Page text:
Japan is considering new defensive measures that may include purchasing Tomahawk missiles, seen here being offloaded from the USS Frank Cable on April 24, 2022.

Japan is considering new defensive measures that may include purchasing Tomahawk missiles, seen here being offloaded from the USS Frank Cable on April 24, 2022. (Charlotte Oliver/U.S. Navy)

TOKYO — Japan’s Ministry of Defense said this week it’s interested in spending more on defensive weaponry but declined to confirm reports that it may buy 500 Tomahawk cruise missiles from the United States.

Two Japanese media outlets, Mainichi Shimbun and Kyodo News, citing unnamed government sources, reported this week that Japan is considering buying the Tomahawks.

The missiles would be purchased over time until the 2027 fiscal year to enhance the country’s defensive and deterrence capabilities, according to the reports.

A Defense Ministry spokesman on Thursday told Stars and Stripes that the Japanese government is making progress evaluating various options to strengthen its defense capabilities, but he declined to say what options, including equipment, was being evaluated.

"To fundamentally enhance defense capabilities, the Ministry of Defense is speeding up the realistic examination process without excluding all options and is collecting various information,” the spokesman said by phone.

Some government officials in Japan customarily speak to the media on condition of anonymity as a condition of their employment.

A tomahawk missile is launched from the guided-missile destroyer USS Curtis Wilbur, May 27, 2019.

A tomahawk missile is launched from the guided-missile destroyer USS Curtis Wilbur, May 27, 2019. (Taylor DiMartino/U.S. Navy)

Chief Cabinet Secretary Hirokazu Matsuno said Wednesday he is aware of reports that Japan is considering buying Tomahawks as part of its efforts to acquire “counterstrike capability,” but also said no decisions have been made. He said Japan is still considering whether to acquire the ability to strike at its adversaries in case of a conflict.

“No details have been decided as the so-called ‘counterstrike capability’ is currently under consideration,” Matsuno said during a news conference Wednesday.

A policy document outlining Japan’s hopes to acquire the “counterstrike capability” to take out enemy missiles if attacked was presented Nov. 25 during a meeting between Japan’s ruling Liberal Democratic Party and its junior coalition partner, Komeito, Japanese media reported last week.

The ministry on Tuesday confirmed that discussion but declined to provide further details.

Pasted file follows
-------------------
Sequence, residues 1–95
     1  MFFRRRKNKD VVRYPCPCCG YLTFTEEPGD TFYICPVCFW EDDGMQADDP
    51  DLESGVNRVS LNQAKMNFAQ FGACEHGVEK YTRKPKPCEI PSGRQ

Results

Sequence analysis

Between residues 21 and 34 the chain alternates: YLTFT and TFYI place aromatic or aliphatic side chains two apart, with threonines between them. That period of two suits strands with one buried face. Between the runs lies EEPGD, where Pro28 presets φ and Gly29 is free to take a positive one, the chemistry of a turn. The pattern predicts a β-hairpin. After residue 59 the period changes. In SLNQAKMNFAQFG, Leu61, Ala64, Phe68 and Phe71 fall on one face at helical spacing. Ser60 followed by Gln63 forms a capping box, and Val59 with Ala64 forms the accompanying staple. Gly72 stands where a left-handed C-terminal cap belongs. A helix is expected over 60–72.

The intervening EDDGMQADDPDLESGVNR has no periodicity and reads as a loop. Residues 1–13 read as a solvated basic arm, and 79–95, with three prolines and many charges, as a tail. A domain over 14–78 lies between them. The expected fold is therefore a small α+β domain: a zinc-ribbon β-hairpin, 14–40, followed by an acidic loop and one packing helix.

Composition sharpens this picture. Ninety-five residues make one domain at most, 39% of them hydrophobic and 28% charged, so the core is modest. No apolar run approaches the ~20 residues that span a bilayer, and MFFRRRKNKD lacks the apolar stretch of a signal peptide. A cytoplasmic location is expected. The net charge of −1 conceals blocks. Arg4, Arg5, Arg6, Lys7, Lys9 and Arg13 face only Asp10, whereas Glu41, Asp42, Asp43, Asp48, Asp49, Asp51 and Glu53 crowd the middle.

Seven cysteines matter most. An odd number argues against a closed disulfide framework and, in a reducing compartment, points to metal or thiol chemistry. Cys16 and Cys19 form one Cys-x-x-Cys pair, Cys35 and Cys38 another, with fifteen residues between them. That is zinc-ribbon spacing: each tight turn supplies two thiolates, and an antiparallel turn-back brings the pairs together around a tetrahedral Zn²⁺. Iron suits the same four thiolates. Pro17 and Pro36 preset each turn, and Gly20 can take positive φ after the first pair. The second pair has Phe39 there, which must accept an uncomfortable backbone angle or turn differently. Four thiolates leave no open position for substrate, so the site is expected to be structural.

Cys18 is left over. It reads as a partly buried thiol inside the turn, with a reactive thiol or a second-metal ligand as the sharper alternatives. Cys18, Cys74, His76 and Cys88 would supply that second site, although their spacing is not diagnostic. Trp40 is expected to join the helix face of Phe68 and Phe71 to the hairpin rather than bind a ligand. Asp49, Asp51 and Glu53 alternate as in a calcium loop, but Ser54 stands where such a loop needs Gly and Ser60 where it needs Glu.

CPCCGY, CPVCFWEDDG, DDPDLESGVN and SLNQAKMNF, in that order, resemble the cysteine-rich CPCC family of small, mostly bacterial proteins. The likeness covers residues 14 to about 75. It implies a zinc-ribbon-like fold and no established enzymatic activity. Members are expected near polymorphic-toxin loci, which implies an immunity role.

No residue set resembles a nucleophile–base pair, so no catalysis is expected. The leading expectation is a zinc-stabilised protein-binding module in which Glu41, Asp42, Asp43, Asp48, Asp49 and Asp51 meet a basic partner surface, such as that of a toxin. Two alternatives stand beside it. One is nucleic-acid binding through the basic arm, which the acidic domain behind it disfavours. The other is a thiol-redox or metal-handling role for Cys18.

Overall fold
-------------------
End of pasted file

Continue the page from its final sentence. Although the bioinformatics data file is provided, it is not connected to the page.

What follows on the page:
“It is being considered within the limits of the constitution and international laws based on the recognition of whether we are equipped enough to protect the lives of Japanese citizens,” the ministry’s spokesman told Stars and Stripes by phone Tuesday. “Therefore, we will continue to maintain an exclusive defense-oriented security posture.”

Discussions around new military capabilities have become a hot topic in Japan’s government since Prime Minister Kishida took office in October 2021. He has called for Japan to double its defense spending up to $70 billion and bring it closer in line with NATO’s standard of 2% of GDP.

A government-commissioned panel in a Nov. 22 report to Kishida said a rapid defense buildup and preemptive strike capability are "indispensable" to counter growing threats in the region, The Associated Press reported that day.

Japanese defense officials are also concerned about North Korean ballistic missile launches.

A Nov. 17 missile launched by Pyongyang fell within Japan’s exclusive economic zone in the Sea of Japan, known in Korea as the East Sea. A North Korean missile overflew northern Japan on Oct. 3 and fell into the Pacific Ocean east of the Japanese coast.

The missile tests prompted subsequent evacuation drills in some parts of Japan led by the Japanese government.

On Wednesday, about 20 people on Yonaguni island, about 400 miles southwest of Okinawa, took part in a drill that simulated a missile attack, a Yonguni official told Stars and Stripes by phone Thursday.

Yonaguni was the seventh location in Japan to conduct such a drill this year, according to a news release about the drill posted on the town website.

Japan is also concerned about China’s “greater power and growing assertiveness,” according to James Brown, an international affairs expert at Temple University’s Japan campus.

“While once it was judged that the alliance with the United States was sufficient on its own, there is now the judgment in Tokyo that Japan needs to do more for itself to supplement the alliance,” he told Stars and Stripes by email Thursday.

Greater defense spending by Japan isn’t without its critics, including those who point out that Article 9 of the country’s constitution prohibits “the threat or use of force as means of settling international disputes,” Brown said.

“It is for this reason that the Japanese government prefers to talk about ‘counter-strike capabilities,’” he said. “Actually conducting a ‘preemptive strike’ would be extremely difficult to square with Article 9 of Japan's constitution.”

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Alex Wilson covers the U.S. Navy and other services from Yokosuka Naval Base, Japan. Originally from Knoxville, Tenn., he holds a journalism degree from the University of North Florida. He previously covered crime and the military in Key West, Fla., and business in Jacksonville, Fla.
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Hana Kusumoto is a reporter/translator who has been covering local authorities in Japan since 2002. She was born in Nagoya, Japan, and lived in Australia and Illinois growing up. She holds a journalism degree from Boston University and previously worked for the Christian Science Monitor’s Tokyo bureau.

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